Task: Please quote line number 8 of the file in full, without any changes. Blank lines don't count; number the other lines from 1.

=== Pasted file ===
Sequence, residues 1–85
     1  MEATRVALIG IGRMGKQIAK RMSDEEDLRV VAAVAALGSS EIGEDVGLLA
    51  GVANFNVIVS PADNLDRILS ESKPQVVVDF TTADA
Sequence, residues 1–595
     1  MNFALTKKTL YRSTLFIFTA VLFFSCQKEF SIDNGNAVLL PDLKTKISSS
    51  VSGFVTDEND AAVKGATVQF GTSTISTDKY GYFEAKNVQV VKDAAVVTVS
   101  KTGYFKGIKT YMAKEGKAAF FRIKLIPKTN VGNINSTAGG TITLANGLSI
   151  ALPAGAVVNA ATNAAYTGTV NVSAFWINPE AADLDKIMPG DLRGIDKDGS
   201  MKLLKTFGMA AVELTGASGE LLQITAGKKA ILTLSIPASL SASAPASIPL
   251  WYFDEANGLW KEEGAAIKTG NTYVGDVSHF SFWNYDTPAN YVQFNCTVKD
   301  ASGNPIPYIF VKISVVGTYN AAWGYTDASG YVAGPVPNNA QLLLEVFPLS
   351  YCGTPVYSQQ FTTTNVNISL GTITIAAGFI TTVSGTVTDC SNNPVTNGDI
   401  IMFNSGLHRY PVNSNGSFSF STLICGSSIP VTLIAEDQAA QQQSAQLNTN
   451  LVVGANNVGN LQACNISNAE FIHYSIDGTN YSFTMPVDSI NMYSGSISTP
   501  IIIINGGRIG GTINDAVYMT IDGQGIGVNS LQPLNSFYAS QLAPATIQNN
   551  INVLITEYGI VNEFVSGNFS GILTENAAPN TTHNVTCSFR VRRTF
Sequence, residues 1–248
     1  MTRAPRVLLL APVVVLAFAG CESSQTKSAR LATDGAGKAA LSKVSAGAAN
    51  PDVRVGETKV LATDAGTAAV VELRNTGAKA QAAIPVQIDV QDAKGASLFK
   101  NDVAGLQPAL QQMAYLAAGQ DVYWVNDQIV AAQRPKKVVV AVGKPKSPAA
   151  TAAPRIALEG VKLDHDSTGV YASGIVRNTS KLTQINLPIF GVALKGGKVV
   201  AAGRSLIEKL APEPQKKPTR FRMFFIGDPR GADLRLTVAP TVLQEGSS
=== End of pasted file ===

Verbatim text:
   151  ALPAGAVVNA ATNAAYTGTV NVSAFWINPE AADLDKIMPG DLRGIDKDGS